big picture thinking

How Big Picture Thinking Makes You Good but Small Habits Make You Great

As creatives, we’re taught to start with the end in mind. We’re taught to look at the big picture. If we keep that in front of us, we’ll eventually get to where we’re wanting to get to, no matter where we start.

This thinking process applies to creating just about everything.

In fact, Think Big, Start Small, Keep It Going was the topic of Amplify’s event last week. We had several speakers who have done just that. Here was the lineup:

Special VIP Guest Host: Mr. Richard Samuels

Featured Musician: Icie Marie Hinton

Artist Spotlight: Rebecca Robinson – Artist, Author, Fashion Entrepreneur

Featured Nonprofit: Community Action of Greater Indianapolis (C.A.G.I.) with Val M. Tate

• Keynote Speaker: Colin Martin – Founder of ViceRays

These individuals had incredible talent. Rebecca had some pretty interesting pieces (one of which I’m pretty sure was of Jack Sparrow – she just didn’t know it!). Icie had an impressive singing voice. And Val – wow, the organization she’s a part of (C.A.G.I.), I didn’t even know existed. They’re all about empowering individuals within the community to figure out how they can enrich themselves and their lives.

But then there was Colin. 

Wow. Dude has had the life that many of us in the online entrepreneurs crave. But, interestingly enough (and I’m hearing this more and more), he got burnt out by it. A lot of the building he did was to simply keep an image of success. Always wanting and doing more. 

Once he figured that these actions were what was tearing him up, he reallocated how he works. Today he has much less stress in his life than he did not too long ago.

Between all four speakers, you could see the talent oozing from them. You can see that they’re all headed towards great things.

But here’s the catch, talent or the potential for great things isn’t everything. It’s just that – potential.

We need to figure out what actions we can take now, to eventually get us to where we want.

Until then, we’re not going to get too far.

Football and Business

Over the weekend, I had the opportunity to go to an LTD conference in Greensboro, North Carolina. There were lots of great speakers but one that stood out to me was David Cutcliffe, head coach of the Duke football team.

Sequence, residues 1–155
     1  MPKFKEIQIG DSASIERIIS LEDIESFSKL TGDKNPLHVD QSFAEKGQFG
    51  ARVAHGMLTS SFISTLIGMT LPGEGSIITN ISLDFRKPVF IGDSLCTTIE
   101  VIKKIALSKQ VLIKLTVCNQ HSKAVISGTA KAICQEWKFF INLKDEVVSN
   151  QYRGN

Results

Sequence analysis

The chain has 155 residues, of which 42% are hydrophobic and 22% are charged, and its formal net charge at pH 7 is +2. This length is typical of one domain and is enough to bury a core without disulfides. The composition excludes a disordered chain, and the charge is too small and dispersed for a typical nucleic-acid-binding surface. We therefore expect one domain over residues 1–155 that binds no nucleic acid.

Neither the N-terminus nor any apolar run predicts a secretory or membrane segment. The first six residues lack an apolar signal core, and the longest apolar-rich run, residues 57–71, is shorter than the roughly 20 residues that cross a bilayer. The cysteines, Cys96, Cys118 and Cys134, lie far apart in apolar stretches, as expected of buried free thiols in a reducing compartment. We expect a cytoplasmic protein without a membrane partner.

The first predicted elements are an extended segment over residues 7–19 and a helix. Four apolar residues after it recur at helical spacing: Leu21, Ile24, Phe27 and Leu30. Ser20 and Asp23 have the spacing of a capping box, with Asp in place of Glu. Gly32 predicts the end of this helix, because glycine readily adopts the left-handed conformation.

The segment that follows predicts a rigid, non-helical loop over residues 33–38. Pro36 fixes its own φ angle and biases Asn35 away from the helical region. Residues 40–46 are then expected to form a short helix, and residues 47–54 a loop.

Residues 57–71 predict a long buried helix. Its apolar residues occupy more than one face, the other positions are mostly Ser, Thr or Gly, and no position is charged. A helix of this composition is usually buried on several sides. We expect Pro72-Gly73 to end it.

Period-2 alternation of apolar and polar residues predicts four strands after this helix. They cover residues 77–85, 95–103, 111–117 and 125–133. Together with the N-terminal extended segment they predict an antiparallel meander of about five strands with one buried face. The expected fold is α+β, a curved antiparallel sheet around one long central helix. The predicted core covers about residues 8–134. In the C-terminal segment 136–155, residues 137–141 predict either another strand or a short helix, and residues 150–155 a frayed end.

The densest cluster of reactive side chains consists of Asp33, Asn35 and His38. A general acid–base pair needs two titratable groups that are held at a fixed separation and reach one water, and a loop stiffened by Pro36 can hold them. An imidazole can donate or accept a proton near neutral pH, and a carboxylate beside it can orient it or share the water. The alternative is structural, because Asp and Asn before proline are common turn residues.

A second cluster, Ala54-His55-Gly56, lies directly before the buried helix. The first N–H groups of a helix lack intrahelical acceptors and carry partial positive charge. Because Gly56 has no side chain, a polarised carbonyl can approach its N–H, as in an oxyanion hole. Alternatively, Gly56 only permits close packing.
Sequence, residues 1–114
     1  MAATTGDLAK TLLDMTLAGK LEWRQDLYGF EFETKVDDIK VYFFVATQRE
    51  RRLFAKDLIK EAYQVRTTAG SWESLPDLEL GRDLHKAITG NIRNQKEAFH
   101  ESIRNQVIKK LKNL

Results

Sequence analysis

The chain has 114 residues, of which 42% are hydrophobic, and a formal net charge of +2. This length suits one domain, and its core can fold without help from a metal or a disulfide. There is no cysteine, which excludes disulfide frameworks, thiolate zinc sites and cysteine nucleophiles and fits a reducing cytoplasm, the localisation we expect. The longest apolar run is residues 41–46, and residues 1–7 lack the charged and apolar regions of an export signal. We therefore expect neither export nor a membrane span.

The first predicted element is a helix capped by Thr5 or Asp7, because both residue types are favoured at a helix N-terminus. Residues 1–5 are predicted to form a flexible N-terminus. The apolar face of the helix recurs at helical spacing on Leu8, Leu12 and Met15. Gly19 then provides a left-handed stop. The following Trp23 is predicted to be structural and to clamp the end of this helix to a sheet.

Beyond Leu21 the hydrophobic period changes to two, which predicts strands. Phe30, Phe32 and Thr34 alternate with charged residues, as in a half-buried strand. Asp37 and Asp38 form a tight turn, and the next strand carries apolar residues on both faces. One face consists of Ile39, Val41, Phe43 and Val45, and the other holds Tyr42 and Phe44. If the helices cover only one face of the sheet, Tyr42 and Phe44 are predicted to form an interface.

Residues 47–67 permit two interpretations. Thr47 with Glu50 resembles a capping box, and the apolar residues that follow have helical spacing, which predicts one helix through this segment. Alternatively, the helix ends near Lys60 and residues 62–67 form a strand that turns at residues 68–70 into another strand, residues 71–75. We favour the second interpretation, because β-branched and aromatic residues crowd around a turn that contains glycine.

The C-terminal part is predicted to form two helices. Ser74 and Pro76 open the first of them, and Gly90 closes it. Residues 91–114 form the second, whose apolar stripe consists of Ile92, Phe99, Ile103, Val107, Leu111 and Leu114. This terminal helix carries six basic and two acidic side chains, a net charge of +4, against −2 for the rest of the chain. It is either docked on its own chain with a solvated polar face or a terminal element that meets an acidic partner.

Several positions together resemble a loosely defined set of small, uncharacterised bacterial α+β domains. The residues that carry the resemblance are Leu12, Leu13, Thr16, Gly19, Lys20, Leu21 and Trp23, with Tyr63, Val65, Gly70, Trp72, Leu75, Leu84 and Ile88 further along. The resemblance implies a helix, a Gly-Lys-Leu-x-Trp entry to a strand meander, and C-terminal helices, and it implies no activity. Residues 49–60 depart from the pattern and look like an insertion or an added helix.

As you guys probably have realized, I love comparing the inner workings of football to business development. So this was a treat for me.

As he was going through his presentation, I thought, this is great stuff! In the past I’ve written about this topic in a little detail, but not as detailed as he was presenting it.

So here’s a little bit of what David knows about thinking big, starting small, and building the right habits to succeed.

Raising Enthusiasm Leads to Successful Results

In the presentation, David started with a quote from Winston Churchill. He said “Success is the ability to go from one failure to another with no loss of enthusiasm”.

If he was to stop there, I’d be like “Yes, that is correct”. Interestingly, David changed it up a little bit. He said, “Success is the ability to go from one failure to another while gaining enthusiasm and passion”.

While the difference between those two statements might seem small at first, if you think about it, his perspective is powerful.

Let’s say you have two players training for a particular sport. They’re going through drill after drill, honing their skills.

One of the players goes from drill to drill, task to task, with little change of emotion.

The other player gets more emotional after each drill, determined to be better whether he fails or succeeds.

If you took these two individuals and placed them in a competition with each other? Who do you think would win? The first or the second?